COOPER: In "Crime & Punishment" tonight, a controversial ruling that will ensure that Congresswoman Gabrielle Giffords's alleged shooter will not face trial any time soon. A federal appeals panel has ruled that Jared Lee Loughner can, until his next hearing in late August, refuse anti-psychotic medication, the very drugs that right now are the only thing standing between him and a jury.

In May, Loughner, who has schizophrenia, was ruled incompetent to stand trial in the January shooting rampage that killed six people, wounded 13. Congresswoman Giffords among them suffered the most serious injuries. She was shot point blank in the head while meeting with constituents at a shopping mall.

Well, Loughner is being held at a federal mental hospital. And his lawyers argue that prosecutors wanted to medicate their client merely to make him able to stand trial rather than to keep him safe. Their argument worked. But it also means a very sick man is not getting treatment that he obviously needs.

Now I talked earlier with Sunny Hostin, legal contributor for "In Session" on TruTV, and Dr. Drew Pinsky, host of HLN's "Dr. Drew."


COOPER: Dr. Drew, from a medical ethics standpoint, are you comfortable with this ruling?

DR. DREW PINSKY, HOST, HLN'S "DR. DREW": Well, I'm not -- I'm comfortable with most of this entire situation. I mean, the fact is the physicians that are involved in this case are in a double bind on almost every front.

On one hand, they have a gentleman who is dangerous, who has been a killer, who's acting out dangerously, and they can't treat him. He is diagnosed with schizophrenia, and they can't give him the routine medications that you would give somebody to, frankly, make them feel and be better and also make it possible to keep them from endangering themselves or other people on the unit. They're not being able to do that because of another ethical issue which is, what rights do people have to render somebody improved and competent in order to have them stand trial?

Now, mind you, somebody who is floridly psychotic when they committed their crimes, while making them better to stand trial for a possible death penalty case. It's really a problematic situation for the doctors.

COOPER: But Sunny, it did seem that the authorities were saying, "Well, look, he threw a chair and he acted out in his room, and therefore we need to medicate him. He was being a danger to himself and to others."

There are those who say, well, look, plenty of patients do that and don't get forcibly medicated.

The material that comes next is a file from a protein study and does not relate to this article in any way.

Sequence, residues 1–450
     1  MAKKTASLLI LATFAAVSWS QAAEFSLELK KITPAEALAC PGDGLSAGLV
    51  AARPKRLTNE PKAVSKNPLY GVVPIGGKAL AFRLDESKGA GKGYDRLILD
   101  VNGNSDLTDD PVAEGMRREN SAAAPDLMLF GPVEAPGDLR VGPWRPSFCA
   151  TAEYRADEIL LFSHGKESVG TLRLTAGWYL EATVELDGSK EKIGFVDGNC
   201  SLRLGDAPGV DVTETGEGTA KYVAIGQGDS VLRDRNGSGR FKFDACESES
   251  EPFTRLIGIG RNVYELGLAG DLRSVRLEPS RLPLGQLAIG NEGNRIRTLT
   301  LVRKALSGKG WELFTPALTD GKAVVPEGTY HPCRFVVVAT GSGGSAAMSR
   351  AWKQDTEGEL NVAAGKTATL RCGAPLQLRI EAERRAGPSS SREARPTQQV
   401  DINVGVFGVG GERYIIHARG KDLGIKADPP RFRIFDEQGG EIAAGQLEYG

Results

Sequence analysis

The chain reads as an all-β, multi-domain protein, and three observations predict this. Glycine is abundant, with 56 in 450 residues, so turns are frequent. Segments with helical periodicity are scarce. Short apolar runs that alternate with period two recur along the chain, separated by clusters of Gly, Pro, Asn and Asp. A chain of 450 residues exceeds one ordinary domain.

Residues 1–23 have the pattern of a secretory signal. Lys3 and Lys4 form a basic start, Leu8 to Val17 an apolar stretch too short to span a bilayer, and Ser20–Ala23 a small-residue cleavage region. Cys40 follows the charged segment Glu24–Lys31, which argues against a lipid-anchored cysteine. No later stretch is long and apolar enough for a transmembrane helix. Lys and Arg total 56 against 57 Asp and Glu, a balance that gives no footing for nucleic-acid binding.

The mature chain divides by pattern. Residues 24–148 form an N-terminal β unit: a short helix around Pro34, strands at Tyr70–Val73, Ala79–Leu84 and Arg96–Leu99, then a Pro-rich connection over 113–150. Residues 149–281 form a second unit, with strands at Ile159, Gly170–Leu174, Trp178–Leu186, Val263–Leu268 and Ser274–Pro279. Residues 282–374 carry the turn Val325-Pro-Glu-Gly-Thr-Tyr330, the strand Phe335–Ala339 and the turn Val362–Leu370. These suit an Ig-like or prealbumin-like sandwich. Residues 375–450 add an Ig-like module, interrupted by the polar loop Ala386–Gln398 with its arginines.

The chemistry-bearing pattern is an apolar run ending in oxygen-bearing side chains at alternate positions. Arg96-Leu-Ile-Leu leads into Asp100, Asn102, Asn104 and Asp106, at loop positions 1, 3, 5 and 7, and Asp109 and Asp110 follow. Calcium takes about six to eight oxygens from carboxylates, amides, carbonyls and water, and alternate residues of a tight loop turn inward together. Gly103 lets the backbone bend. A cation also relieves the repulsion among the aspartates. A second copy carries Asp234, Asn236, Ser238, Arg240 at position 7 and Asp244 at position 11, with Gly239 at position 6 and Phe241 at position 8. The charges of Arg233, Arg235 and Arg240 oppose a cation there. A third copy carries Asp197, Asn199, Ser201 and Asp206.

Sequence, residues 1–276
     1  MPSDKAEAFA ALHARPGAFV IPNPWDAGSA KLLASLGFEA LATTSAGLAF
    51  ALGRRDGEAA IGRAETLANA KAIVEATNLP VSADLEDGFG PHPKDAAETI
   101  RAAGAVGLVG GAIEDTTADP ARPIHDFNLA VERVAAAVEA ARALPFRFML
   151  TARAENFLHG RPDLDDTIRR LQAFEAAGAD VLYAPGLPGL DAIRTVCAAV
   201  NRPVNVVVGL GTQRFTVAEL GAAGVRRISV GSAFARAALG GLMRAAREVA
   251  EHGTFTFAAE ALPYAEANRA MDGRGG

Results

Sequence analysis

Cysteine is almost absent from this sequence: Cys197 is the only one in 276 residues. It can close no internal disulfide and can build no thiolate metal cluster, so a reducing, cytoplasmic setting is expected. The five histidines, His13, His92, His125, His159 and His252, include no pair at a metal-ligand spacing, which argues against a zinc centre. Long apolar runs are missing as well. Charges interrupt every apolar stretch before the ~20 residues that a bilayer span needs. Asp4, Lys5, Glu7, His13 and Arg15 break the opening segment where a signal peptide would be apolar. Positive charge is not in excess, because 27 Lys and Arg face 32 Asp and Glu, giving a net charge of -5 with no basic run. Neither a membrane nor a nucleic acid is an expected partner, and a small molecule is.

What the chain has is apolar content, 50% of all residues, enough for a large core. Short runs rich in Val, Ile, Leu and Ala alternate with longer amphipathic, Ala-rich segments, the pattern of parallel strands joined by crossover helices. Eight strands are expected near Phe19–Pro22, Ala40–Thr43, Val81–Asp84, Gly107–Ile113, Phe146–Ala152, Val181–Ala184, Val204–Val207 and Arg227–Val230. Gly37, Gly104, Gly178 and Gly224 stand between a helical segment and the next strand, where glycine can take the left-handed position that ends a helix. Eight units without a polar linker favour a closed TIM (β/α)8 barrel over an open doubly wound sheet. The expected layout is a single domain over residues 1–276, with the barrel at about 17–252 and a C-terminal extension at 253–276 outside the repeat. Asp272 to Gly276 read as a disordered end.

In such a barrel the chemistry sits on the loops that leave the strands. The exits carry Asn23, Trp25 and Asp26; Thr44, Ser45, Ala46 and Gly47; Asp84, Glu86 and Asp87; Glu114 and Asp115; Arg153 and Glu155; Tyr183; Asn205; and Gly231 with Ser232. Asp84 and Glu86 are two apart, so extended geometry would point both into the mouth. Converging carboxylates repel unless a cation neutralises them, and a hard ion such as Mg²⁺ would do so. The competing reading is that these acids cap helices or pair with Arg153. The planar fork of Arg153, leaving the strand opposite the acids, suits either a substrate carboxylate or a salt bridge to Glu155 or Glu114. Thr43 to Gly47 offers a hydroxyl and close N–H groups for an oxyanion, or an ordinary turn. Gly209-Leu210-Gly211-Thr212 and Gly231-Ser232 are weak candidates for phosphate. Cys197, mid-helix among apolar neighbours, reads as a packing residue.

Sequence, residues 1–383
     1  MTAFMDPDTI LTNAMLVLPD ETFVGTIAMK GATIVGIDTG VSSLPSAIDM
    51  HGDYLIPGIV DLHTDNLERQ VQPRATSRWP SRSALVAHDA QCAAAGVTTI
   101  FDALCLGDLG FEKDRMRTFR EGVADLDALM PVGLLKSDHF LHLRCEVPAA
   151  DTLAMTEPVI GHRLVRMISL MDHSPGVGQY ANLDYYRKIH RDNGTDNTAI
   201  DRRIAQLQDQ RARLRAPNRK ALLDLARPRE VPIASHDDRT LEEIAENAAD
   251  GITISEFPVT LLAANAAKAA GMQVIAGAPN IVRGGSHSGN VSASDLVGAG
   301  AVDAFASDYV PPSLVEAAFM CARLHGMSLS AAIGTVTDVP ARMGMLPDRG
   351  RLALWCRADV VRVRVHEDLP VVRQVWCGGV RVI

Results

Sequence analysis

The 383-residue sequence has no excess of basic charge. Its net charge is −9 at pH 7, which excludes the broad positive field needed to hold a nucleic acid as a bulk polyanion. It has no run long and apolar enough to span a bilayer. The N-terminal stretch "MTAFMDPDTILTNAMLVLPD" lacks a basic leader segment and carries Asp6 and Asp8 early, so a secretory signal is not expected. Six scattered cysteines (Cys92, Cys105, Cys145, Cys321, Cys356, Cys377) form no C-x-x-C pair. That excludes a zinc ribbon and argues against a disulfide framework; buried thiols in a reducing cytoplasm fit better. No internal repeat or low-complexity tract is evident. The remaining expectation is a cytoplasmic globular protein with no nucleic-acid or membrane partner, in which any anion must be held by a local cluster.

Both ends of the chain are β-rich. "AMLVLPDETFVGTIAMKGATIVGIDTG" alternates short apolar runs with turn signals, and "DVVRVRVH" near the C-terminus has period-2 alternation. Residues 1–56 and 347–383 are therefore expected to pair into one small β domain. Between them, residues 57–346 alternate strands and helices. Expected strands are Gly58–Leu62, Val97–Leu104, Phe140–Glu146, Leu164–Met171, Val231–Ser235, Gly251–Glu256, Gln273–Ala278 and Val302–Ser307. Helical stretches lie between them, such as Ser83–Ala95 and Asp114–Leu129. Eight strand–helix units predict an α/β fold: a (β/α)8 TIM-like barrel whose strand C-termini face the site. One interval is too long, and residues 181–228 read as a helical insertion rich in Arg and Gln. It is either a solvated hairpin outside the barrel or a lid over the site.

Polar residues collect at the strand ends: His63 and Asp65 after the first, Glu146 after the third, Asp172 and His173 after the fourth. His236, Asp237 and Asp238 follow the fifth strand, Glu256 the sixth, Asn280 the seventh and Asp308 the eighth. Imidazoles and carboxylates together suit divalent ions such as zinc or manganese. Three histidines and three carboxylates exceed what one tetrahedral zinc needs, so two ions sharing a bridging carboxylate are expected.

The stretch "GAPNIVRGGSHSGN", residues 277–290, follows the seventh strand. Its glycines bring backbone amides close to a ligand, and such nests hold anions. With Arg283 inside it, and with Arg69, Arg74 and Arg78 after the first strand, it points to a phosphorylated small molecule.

COOPER: That they were trying to do an end run, basically, around the system. Because if they could say he needed to be medicated for his own protection, they didn't have to go through an entire court hearing to get him medicated. They could just do it with an administrative hearing, where the rules were a lot easier.

HOSTIN: That's right. And I think that's why this appellate court did the right thing, because the defense argument is compelling. They're saying if you want to make him competent to stand trial, you need to meet the more robust requirements that the Supreme Court has set out. And that is, as you mentioned, have a full hearing and say what it is. This means you don't want to really protect him from himself or others. What you want to do is make him competent to stand trial.

And I think that is really where we're going here. We're going to have another hearing, apparently, to determine the medical issues but also the legal issues. And really, the legal issue here is, are you trying to make him competent to stand trial, or are you really just trying to make him safe for himself and others? And I don't think that the appellate court bought that state argument.

COOPER: Dr. Drew, from what you know publicly about the public information that's out there, that he threw a chair, I mean, does that seem to reach the level that he is dangerous enough that he needs to be forcibly medicated?

PINSKY: Let's think about this for a second. It's across a six- month window that he had these outbursts. And I understand that people are skeptical that there were a couple of outbursts across that period. This is a man who killed six people. I mean, witnessed to have killed six people with a diagnosis of schizophrenia, who must be miserable. And these doctors cannot do their job.

But the door, interestingly, has been left open to do things that were not allowed to do, we at least try not to do out in the community. They have left the door open to leather restraints and takedowns and emergency tranquilizers, which are the worst practice of medicine. That's harm. That's really putting this guy in harm's way, as opposed to giving him the routine medications that would make him better, alleging all the while that somehow that's going to endanger his life. Nonsense.